Haukur said... ...the more actively [atheist bloggers] want to embrace atheism and rationalism, the more they tend to embrace super-optimistic ideas about the future.

I'm a realist. Realists base their predictions of the future on the examples of the past. If the result looks optimistic to you, you are the one being unrealistic, not the optimists.

But we must take care not to confuse hope with prediction. I can talk about what I want the future to be, and what I think it could be if certain things happened that are unlikely to happen (like the widespread embrace of secular humanism and naturalism) unless I promote this causal connection and make it happen (which is presumably what most "atheist bloggers" are doing). But that's not the same thing as making predictions about what's likely to actually happen.

That things will go better if we embrace secular humanism is a reason for promoting secular humanism, just as much as it was a reason to promote democracy and human rights (and those have turned out pretty well where they were achieved). Such promotion thus requires describing the possible future that will result. That shouldn't be mistaken for optimism. It's instead an argument for change. Hence I distinguish that project from making realistic predictions about what is most likely going to happen given the way things actually are so far.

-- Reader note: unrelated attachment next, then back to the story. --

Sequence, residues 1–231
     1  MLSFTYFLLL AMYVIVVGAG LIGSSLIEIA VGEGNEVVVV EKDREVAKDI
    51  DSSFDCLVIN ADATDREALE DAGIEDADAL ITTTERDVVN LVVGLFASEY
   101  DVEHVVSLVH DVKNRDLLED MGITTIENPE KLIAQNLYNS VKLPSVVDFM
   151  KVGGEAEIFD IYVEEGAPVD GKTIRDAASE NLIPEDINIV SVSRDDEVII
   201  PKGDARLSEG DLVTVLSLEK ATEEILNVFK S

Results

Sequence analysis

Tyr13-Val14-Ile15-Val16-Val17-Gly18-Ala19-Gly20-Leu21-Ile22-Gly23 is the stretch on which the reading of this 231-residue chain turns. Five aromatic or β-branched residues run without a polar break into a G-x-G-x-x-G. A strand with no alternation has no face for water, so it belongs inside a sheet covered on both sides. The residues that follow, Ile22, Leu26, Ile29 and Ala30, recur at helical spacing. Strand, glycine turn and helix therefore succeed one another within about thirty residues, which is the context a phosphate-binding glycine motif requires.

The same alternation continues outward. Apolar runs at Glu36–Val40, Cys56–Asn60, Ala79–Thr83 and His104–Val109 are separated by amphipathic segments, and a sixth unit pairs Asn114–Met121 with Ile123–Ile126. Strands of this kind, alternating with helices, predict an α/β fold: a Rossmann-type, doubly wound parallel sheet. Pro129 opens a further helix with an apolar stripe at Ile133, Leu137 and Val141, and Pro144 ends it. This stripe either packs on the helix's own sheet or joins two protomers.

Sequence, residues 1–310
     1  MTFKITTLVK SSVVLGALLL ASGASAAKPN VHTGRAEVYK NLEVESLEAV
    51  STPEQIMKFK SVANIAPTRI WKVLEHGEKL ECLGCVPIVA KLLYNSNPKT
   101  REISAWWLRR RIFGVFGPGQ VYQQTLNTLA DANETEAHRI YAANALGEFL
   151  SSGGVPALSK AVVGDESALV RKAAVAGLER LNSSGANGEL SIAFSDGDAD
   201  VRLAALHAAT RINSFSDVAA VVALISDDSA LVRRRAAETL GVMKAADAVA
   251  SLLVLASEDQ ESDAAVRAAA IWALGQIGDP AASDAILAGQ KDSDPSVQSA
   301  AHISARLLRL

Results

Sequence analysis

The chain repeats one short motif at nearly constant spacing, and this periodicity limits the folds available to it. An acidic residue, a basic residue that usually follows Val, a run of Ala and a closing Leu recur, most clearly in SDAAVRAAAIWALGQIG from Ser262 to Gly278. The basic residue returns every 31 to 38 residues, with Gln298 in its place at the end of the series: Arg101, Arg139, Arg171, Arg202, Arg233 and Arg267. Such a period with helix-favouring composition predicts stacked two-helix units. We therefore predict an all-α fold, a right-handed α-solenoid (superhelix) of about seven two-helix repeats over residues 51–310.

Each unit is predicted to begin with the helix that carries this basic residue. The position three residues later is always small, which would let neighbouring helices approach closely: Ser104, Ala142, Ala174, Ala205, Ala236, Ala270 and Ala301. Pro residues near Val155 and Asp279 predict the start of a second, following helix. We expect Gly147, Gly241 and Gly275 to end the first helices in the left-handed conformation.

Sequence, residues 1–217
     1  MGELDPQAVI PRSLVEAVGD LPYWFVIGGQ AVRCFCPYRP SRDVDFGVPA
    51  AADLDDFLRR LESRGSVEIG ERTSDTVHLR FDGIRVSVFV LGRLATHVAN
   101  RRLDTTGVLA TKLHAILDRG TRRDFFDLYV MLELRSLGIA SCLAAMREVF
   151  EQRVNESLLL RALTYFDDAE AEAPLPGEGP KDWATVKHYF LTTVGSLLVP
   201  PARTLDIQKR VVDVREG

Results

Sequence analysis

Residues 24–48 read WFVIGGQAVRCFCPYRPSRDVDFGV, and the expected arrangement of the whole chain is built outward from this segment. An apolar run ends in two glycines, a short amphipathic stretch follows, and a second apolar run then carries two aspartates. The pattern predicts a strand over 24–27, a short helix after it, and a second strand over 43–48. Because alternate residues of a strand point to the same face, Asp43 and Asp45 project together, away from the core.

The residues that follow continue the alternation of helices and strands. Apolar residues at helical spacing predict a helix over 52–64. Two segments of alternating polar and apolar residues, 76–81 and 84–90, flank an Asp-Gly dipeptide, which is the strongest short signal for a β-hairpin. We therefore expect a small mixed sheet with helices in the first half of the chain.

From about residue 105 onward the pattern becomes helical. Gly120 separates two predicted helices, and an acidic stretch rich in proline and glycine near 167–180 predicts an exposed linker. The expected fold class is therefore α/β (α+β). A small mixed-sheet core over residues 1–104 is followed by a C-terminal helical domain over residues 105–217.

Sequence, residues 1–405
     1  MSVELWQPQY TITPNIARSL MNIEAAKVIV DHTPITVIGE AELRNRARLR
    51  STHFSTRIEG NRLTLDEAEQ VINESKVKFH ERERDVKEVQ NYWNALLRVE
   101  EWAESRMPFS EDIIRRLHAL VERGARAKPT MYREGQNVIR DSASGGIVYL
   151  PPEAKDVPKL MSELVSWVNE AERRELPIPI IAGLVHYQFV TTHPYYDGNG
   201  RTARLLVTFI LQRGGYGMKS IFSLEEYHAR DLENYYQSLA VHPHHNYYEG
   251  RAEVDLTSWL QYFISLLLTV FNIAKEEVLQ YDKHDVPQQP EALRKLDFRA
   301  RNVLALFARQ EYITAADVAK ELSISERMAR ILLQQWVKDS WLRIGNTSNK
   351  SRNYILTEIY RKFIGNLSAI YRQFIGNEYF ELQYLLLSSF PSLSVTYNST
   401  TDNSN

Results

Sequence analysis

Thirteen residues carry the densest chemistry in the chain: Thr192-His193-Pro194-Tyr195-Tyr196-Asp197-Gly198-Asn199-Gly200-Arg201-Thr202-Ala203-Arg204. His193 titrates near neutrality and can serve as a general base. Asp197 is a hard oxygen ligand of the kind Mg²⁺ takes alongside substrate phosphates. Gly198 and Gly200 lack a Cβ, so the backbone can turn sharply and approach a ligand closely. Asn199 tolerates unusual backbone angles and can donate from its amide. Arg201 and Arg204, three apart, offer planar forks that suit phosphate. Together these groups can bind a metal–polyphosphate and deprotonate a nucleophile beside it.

If in doing the latter anyone sounds excessively optimistic, it may simply be because they are downplaying the bad things that will still plague us or pop up in new forms, and choosing instead to emphasize the markers of progress that will be realized. Or it may be because their time-scales are unrealistic. Typically great advances take centuries, not decades. But only rarely do I see people predicting things that will never happen. Take space colonization for example: I doubt we will see any steps toward that even in the next hundred years (much less the next twenty), but five hundred years from now it will be a practical certainty.

Haukur said... Getting yourself cryogenically preserved becomes "massively overdetermined", even at 100K$ a pop.